I already said before: why don't you compare Russia with actual democracies? Why it's always Ukraine and Russia, not Poland and Russia, not South Korea and Russia, not Japan and Russia, not the US and Russia, not Germany, the UK, the Baltics, etc, but only Ukraine and Russia? Being a democracy doesn't guarantee you prosperity, neither dictatorship makes a country automitically poor. You don't become automatically smart and successful by being born in a rich family, but the riches your family holds certainly help you aquire education and develop your intelligence, thus you aquire a chance
to become more successfull than a lower-class scum. Democracies encourage innovation and a peaceful transition of power, they guarantee stability and minimize the loss of human lives, thereby forcing your society to grow at a higher speed and preserve human capital better than authoritarian states.
Half-assed interventions. You must either be prepared for a full-fledged invasion, occupation of the country and subsequent nation building with billions of $ being wasted for humanitarian reasons or not to invade at all.
Doesn't seem like a failure to me if we talk about economy. I don't know much about Iraq, Saddam and American policy in the region and can't tell what's the difference between the pre-Saddam Iraq and post-Saddam Iraq. There's no dispute that on average democracies work better than authoritarianism, and that ideally every country in the world should implement democracy. The problem is that not every invasion is well thought out and reasonable, we should strive to change the regime everywhere, but not every invasion can lead to a positive result in the long term, and even a successful coup would require millions of $ to change the mentality of the people and stop the economic crisis that always follows the political instability caused by coup. If you don't stop the economic crisis, then there is a risk of return to authoritarian rule.
Economic support in hard times is very important, people don't understand the root of their troubles and tend to vote for the wrong candidates or decisions. Yes, I'm looking at Brexit.
Example: Russians support Putin because after the economic crisis in the 90s they started to associate liberalism and democracy with a poor quality of life, they had a desire to see an authoritarian strongman in the political arena. The situation is similar to the USA. American income has stagnated in the last 30 years and well-paid work in the manufacturing sector was moved to countries with lower cost of labor, it provoked increase in workers in low-paid service sector, stagnating income and working class ressentment, and the desire to overthrow neoliberalism and the establishment, which in turn led to Trump's election. Does Trump solve the problems that made American workers vote for an oligarch, against their own interests? Hell no, he doesn't. Neither is Putin, but Putin, unlike democratic rulers, not only slowed down Russian economic growth, but also actively uses administrative and non-legal resources against his opposition. In a democracy, an idiotic ruler would be ousted from power, but in an authoritarian state this power-hungry idiot uses all possible means to remain the head of state and keep the bad policies he implemented.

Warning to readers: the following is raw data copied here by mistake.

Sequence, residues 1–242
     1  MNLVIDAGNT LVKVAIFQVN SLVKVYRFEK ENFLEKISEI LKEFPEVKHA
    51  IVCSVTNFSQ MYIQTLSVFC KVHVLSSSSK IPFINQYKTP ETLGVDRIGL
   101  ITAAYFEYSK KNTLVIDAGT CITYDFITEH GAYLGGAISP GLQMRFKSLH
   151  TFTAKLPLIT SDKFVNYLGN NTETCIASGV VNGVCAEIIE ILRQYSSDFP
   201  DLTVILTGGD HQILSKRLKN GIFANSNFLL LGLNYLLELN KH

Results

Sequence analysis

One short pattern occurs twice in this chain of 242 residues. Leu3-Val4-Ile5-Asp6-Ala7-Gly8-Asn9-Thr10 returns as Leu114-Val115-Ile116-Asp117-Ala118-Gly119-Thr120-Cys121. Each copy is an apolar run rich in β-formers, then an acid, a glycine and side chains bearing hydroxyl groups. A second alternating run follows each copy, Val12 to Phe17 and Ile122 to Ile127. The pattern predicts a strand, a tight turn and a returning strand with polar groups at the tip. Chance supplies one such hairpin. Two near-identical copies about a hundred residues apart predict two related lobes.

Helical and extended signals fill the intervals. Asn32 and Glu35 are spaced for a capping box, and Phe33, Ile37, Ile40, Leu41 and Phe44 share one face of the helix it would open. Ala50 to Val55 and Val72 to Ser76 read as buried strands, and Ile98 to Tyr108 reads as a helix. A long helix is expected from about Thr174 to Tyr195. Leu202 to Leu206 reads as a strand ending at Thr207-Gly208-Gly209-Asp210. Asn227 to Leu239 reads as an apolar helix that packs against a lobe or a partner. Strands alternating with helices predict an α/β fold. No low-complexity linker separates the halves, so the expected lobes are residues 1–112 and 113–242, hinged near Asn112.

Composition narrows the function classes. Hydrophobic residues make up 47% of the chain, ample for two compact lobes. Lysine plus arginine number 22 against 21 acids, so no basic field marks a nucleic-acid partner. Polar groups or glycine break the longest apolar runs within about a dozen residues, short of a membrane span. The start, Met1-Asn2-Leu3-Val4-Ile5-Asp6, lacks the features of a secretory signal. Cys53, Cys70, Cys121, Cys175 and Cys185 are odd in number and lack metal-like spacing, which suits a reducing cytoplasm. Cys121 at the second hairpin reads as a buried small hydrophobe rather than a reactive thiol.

In such cases, a regime change is a reasonable solution, but this is a job for think tank employees to analyze how many resources should be spent on a coup or an invasion, and whether it is worth it in the long run. Invading Venezuela in 2014 would be a better solution than waiting for its economic collapse and then invading it in 2019. In Syria, too, the US had to invade the country in 2011 OR fully ignore it rather than choose the worst and simply support the rebels thus provoking long and bloody civil war. McFaul does not specialize in the Middle East, but he mentions that the US officials were confident several times before 2014 that the Syrian government should soon fall. It is likely that American intelligence and analytics did a poor job, which ultimately led to the wrong decisions by the president based on the experts' poor reports describing the internal situation in the country. However, Syria would not be such a problem if Russia and Iran, two hostile athoritarian
regimes, didn't support it. If the whole world consisted of democracies and only one authoritarian state represented by Syria, there would be enough pressure to crush the country completely. Neither DPRK would survive without support from its authoritarian buddies, China and Russia.